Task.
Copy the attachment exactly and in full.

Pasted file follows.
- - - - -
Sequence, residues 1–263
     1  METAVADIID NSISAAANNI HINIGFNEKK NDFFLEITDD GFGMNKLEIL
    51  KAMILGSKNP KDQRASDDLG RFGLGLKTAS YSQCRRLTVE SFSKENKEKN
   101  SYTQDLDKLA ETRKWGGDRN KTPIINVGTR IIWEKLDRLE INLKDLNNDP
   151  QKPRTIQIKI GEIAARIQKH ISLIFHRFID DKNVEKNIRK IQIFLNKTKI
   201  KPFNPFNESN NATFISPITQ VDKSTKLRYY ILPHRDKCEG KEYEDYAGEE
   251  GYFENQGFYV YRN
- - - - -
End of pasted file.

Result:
Sequence, residues 1–263
     1  METAVADIID NSISAAANNI HINIGFNEKK NDFFLEITDD GFGMNKLEIL
    51  KAMILGSKNP KDQRASDDLG RFGLGLKTAS YSQCRRLTVE SFSKENKEKN
   101  SYTQDLDKLA ETRKWGGDRN KTPIINVGTR IIWEKLDRLE INLKDLNNDP
   151  QKPRTIQIKI GEIAARIQKH ISLIFHRFID DKNVEKNIRK IQIFLNKTKI
   201  KPFNPFNESN NATFISPITQ VDKSTKLRYY ILPHRDKCEG KEYEDYAGEE
   251  GYFENQGFYV YRN